A spirit level is used for determining horizontal and vertical levels and can be used on a variety of DIY projects in and around the home. A spirit level is used to designed to indicate whether a surface is level on the horizontal or vertical planes, and there are a variety of sizes and designs for every project.
A Spirit Level is a tool used to indicate how parallel (level) or perpendicular (plumb) a surface is relative to the earth. A spirit level gets its name from the mineral spirit solution inside the levels.
Typically, the vials in a spirit level are a yellowish-green color with additives for UV protection and maximum performance in temperatures ranging from -20 degrees F to 130 degrees F. The best spirit level is accurate to within plus or minus 0.5 millimeters/meter, or 0.005 inches/inch or .029 degrees. The next level of accuracy displayed is 0.75mm/m or.043 degrees. The vial bodies of a spirit level, also referred to as a bubble level, can be shaped like a barrel, like a rectangular block or even curved, banana-shaped, to measure slope in fractions per foot of pitch; and are mostly made from acrylic today versus glass originally.
80⁰, 90⁰, 45⁰ high visibility block vials.
Heavy duty aluminium profile.
Shock absorbent end caps.
High Accuracy: 0.029⁰, 0.5mm/m.
Locate the bottom edge of the level. This rests against the surface you're trying to level.
Some models feature magnetic edges, which "stick" to metal surfaces for ease of use.
Inspect the body of the level and check for grabbing points where you won't block the vials with your hand(s).
Most levels feature a punched hole on at least one end for hanging above your workbench.
The tube vial in the center of the level helps you find the true horizontal.
Tube vials on the ends finds the true vertical.
On many torpedo levels and other specialized levels, there is an angled tube vial to find level at 45°.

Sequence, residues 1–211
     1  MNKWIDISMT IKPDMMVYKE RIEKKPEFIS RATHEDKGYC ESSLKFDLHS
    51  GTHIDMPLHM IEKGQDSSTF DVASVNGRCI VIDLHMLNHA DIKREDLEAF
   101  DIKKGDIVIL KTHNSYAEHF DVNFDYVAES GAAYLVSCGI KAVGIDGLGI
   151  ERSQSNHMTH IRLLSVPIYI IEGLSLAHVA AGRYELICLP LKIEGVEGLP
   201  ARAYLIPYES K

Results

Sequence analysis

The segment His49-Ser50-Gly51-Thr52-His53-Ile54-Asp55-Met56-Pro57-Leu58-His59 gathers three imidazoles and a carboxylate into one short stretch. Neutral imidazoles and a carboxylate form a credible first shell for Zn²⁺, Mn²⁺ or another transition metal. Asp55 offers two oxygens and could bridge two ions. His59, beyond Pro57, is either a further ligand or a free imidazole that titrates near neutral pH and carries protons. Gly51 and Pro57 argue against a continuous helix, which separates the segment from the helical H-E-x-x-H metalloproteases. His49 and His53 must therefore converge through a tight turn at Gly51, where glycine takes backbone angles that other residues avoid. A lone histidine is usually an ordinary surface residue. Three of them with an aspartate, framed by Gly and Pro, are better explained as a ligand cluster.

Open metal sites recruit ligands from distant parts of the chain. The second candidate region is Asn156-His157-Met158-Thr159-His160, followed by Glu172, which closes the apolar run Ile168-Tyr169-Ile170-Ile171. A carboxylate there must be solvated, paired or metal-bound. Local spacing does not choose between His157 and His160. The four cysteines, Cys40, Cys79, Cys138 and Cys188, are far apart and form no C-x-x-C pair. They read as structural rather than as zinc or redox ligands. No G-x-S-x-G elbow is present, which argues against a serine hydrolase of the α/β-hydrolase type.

Clean the level, removing all buildup and dirt from the edges.
Mark a line along the bottom edge on the wall.
Flip the level over so that the bottom becomes the top. Put the new top edge along the marked line. If the bubble is centered, your level is accurate. If not, it is defective.
Place the level on the surface of the object for which you want to find the true horizontal (the “horizon”). Make sure the spirit tube runs parallel to the object. Allow the bubble to float to the top of the spirit tube.
Put your eyes at level with the spirit tube. In order to get an accurate reading, close one eye.
Take note of where the bubble is inside the spirit tube. If it’s centered between the lines on the tube, your object is level. If the bubble is to the right of the lines, your object slopes downward right-to-left. If the bubble is to the left of the lines, your object slopes downward left-to-right.
To find the true vertical or "plumb," repeat the same process vertically.
Place the level on a flat surface.
Make one mark at the end of the level.
Make another mark along the side of the level, under the vial in the center.
Take a reading of the bubble's position.
Rotate the level 180° end-to-end and align the level with your marks.
Take another reading. If the level is accurate, the bubble will be in the same position for both readings.
To test the vertical vial, follow the same procedure against a flat vertical surface.